The right fit

SHS grad finds employment through CTE program

* This is Part 2 of a two-part series looking at how Douglas County schools and industry leaders are working together to guide students toward successful careers in manufacturing. Find Part 1 at

If Sutherlin High School graduates are any indication, partnerships welded between local school districts and local manufacturing businesses can be key to setting students on paths to success.

SHS 2017 graduate Carlos Lopez knew early on that he was interested in the automotive and welding industries. When he entered high school, he began taking a variety of Career and Technical Education classes taught by Wes Crawford and Josh Gary.

Lopez eventually landed in the Agricultural Business, Leadership, and Economics (ABLE) course, a capstone class where students gain valuable experience in preparing for future careers. Although he’d previously been wary of using the school’s CNC plasma machine, which cuts steel and other materials with a plasma torch, a class project motivated Lopez to give the machine a chance. He spent weeks mastering it.

2017 Sutherlin High graduate Carlos Lopez worked his way through the school’s CTE programs and found work at a local manufacturer.

At 19 years old, Lopez is now the primary operator of the high-definition plasma machine at North Star Fabrication in Sutherlin.

“That’s probably one of the most important jobs that we have in our company,” said Jack Trowbridge, owner of North Star and Great Northern Trailer Works.

Lopez had gone to work for Trowbridge after graduating and while taking classes at Umpqua Community College for a year. The chance to operate the high-tech machine was an opportunity he couldn’t pass up.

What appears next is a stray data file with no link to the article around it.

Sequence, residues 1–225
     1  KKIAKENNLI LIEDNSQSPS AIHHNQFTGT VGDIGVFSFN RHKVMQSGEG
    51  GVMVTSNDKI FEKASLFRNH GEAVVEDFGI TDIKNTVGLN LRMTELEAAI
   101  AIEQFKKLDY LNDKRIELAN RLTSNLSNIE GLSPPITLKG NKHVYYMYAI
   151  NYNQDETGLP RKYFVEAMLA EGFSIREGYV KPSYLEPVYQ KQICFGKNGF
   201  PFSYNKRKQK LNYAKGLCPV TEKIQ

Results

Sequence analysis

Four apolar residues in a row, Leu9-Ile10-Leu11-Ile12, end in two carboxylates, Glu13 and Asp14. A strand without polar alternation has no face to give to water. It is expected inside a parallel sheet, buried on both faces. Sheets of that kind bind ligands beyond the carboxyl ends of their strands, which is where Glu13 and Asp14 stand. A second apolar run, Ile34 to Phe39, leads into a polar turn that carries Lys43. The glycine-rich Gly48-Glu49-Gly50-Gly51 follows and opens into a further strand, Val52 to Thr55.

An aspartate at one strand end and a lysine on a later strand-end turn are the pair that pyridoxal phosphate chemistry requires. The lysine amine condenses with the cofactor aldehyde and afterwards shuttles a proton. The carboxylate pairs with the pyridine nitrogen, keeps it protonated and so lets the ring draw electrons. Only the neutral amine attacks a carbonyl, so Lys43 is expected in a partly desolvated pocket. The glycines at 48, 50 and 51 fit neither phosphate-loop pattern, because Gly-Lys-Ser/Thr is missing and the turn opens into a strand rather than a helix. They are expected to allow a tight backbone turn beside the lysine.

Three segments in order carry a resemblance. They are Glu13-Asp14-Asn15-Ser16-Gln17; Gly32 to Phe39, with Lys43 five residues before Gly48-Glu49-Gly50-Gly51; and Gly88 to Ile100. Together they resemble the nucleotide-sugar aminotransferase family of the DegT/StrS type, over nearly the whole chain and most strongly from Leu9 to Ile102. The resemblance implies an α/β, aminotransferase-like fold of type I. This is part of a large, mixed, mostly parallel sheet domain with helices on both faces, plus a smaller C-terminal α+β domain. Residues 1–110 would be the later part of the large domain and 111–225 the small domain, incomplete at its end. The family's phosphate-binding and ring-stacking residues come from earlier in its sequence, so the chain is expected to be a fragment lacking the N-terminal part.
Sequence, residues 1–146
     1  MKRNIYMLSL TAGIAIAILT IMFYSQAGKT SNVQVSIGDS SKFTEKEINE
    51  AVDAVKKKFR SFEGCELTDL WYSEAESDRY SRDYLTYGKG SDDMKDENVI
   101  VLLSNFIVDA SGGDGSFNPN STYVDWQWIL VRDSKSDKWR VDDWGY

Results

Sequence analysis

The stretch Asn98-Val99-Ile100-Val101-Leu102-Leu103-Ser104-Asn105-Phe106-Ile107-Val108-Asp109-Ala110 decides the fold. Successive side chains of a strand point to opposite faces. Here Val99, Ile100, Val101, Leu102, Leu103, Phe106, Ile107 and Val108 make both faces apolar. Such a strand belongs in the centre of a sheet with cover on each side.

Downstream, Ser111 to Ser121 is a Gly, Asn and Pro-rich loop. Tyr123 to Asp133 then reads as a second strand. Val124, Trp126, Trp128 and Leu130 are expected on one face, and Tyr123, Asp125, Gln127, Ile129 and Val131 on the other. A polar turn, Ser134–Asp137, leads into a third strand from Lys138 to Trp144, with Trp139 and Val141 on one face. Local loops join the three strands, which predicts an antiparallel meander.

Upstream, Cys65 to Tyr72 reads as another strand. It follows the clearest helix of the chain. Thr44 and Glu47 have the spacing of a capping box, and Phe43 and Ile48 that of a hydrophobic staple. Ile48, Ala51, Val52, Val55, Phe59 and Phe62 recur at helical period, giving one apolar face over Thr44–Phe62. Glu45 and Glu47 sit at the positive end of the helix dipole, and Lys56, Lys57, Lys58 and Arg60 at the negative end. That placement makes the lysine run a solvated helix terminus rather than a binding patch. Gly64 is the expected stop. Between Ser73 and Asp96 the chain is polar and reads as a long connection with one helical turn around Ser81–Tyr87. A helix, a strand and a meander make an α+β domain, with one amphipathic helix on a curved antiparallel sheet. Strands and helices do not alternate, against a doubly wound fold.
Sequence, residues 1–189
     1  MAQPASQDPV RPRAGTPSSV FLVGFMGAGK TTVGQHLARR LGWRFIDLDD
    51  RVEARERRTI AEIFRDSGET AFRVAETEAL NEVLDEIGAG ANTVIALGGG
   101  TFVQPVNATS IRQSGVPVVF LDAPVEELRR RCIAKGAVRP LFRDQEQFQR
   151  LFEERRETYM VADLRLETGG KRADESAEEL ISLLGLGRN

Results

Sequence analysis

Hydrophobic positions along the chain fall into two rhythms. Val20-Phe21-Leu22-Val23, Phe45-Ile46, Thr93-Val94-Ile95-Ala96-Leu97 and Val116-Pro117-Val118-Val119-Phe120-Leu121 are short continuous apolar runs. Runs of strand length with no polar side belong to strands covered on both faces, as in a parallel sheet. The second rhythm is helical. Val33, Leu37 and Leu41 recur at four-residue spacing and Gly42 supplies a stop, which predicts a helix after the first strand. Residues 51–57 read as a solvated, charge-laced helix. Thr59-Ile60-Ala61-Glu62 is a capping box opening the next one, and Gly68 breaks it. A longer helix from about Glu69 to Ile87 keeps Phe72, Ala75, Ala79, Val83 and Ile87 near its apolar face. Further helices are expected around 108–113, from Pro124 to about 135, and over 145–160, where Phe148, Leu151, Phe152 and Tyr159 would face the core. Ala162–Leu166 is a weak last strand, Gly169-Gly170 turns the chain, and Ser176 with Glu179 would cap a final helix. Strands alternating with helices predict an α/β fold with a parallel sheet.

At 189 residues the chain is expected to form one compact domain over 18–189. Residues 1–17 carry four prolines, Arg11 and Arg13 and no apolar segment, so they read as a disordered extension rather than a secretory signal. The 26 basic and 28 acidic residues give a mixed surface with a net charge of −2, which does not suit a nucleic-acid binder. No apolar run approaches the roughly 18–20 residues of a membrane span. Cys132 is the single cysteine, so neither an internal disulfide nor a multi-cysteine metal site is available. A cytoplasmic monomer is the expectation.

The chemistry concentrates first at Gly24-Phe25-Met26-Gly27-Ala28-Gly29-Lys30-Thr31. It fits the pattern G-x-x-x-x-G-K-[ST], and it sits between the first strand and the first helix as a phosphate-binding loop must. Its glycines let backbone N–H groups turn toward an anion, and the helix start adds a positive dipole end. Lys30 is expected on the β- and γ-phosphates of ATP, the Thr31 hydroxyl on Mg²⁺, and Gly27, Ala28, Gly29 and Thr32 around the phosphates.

“(Jack) was looking for a young, trustworthy guy who had some knowledge already in it. I guess I was the best option,” Lopez said humbly. “You don’t really get that chance too often, especially being a younger guy.”

Trowbridge said he’s worked to build partnerships with Douglas County schools since starting his business in 1984. He seeks to promote the fabrication and metalworking trades through efforts such as donating scrap metal for welding classes or providing schools with equipment and teaching students how to use it. Opportunities have grown as schools have used state and grant dollars to invest in CTE programs.

“Now they have modern, high-tech stuff that makes these kids able to operate equipment once they get out of school,” Trowbridge said. “That has been really, really good for the industry and good for the local labor pools.”

The high-definition plasma cutter at North Star Fabrication is operated by Sutherlin High graduate Carlos Lopez.

Sutherlin High School partners with several industry leaders in the area, all in hopes of connecting graduates with high-demand, high-wage jobs.

“This area has a significant number of manufacturers of varying sizes, and all speak to the need of skilled workers,” Crawford said. “Carlos is a great example of someone whose experience in high school and their own drive and work ethic has led to success.”

Lopez credits Crawford and Gary with motivating him to gain as much experience as possible through the CTE program.

“I probably wouldn’t be here, as good as I am, if it wasn’t for those two guys,” he said.

Are you interested in partnering with schools to provide our students with career-connected learning experiences, preparing them for your future workforce? Contact Brian Bray at

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